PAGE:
Patient selection and data collection
MM patients that were subjected to autologous PBSC collection at the Department of Haematology, Oncology and Rheumatology at the University Hospital Heidelberg within the clinical trials GMMG-HD6 and GMMG-HD7 between 2015 and 2021 were included (n = 179; HD6 = 100 patients, HD7 = 79 Patients). Patients underwent PSBC collection after mobilization chemotherapy with cyclophosphamide, doxorubicin, and dexamethasone (CAD) or cyclophosphamide. Details for each regimen are given in Table 1.
Patients characteristics at first diagnosis, first line treatment, remission status, and detailed assessment of PBSC mobilization and collection results were collected retrospectively from routine medical records. Patient characteristics from the GMMG-HD7 trial were collected from study records.
PBSC mobilization and collection
PBSC mobilization and collection by LP was performed according to protocols as previously described . Mobilization protocols are shown in Table 1. Collection of three transplants comprised of ≥ 2.0 × 106 CD34+ cells/kg bw was defined as successful collection. G-CSF (10 µg/kg bw) was applied on days 9—14. On day 14, the first PB CD34+ cell measurement was conducted. LP was initiated if the PB CD34+ cell count exceeded 10/µl. In the absence of infection or other limiting factors, the following LPs were conducted until collection of three transplants comprised of ≥ 2.0 × 106 CD34+ cells/kg bw. In case of collection failure, reflected by insufficient PB CD34+ cell counts or insufficient collection, plerixafor was applied. In short, PB CD34+ < 10/µl after continued G-CSF stimulation until the day after the first planned measurement triggered pre-emptive plerixafor application. At PB CD34+ 10/µl—20/µl, plerixafor was used per treating physician’s discretion. Rescue mobilization was applied if less than 2.0 × 106 CD34+ cells/kg bw were collected during LP1. Key metrics for evaluation of PBSC mobilization and collection include CD34+ cell counts/µl in the peripheral blood, collection delays due to poor mobilization, increased number of LP sessions due to insufficient collection results, collection of CD34+ cells/ kg bw upon the first session and CD34+ cell collection result upon all sessions.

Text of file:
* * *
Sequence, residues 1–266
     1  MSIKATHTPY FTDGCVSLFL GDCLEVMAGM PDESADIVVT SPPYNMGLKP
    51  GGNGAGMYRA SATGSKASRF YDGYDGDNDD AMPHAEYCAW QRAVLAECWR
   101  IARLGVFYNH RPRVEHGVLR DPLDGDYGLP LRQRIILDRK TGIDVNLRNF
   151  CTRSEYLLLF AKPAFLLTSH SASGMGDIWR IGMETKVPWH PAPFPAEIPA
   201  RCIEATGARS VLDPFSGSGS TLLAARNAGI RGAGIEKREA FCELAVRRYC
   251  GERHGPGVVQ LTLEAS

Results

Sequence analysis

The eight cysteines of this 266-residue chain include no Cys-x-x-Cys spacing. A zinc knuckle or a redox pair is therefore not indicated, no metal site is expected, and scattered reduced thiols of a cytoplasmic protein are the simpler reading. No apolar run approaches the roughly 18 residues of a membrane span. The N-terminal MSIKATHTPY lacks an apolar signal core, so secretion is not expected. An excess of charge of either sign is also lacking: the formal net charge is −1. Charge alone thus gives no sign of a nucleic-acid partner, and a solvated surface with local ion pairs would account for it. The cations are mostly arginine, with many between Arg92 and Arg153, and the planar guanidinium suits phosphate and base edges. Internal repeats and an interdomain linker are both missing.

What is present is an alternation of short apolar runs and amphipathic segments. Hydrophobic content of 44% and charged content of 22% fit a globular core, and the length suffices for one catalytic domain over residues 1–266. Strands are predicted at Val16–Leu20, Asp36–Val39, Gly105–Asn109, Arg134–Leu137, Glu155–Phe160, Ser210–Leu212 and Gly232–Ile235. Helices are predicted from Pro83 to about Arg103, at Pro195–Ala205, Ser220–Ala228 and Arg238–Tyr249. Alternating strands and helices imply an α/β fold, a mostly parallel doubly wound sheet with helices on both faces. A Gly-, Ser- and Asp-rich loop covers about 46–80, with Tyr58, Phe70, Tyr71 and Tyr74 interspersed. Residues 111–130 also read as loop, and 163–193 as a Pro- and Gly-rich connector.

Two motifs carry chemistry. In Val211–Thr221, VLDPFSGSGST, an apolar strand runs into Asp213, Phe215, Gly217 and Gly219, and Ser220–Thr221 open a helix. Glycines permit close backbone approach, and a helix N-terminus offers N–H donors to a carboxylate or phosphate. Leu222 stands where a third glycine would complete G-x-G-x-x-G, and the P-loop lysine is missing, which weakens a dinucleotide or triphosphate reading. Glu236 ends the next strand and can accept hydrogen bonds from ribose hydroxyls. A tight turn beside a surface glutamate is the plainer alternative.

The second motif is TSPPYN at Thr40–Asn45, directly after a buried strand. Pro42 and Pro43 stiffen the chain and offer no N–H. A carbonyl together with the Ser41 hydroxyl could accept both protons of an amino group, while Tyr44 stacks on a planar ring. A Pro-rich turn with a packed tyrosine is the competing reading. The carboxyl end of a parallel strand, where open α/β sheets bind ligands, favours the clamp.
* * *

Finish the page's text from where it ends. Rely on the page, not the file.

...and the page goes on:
Procedures and definitions
Patients aged ≥ 18 years with untreated multiple myeloma requiring systemic therapy according to International Myeloma Working Group (IMWG) criteria  were included in the above mentioned trials. Detailed eligibility criteria are listed in the manuscript by Goldschmidt et al. reporting the primary end point of the GMMG-HD7 trial . Response assessment was conducted according to IMWG criteria with near complete response as additional criterion . Cytogenetic abnormalities were classified as high-risk in case of del(17)(p13), t(4;14)(p16;q32), or t(14;16)(q32;q23) in ≥ 10% of cells.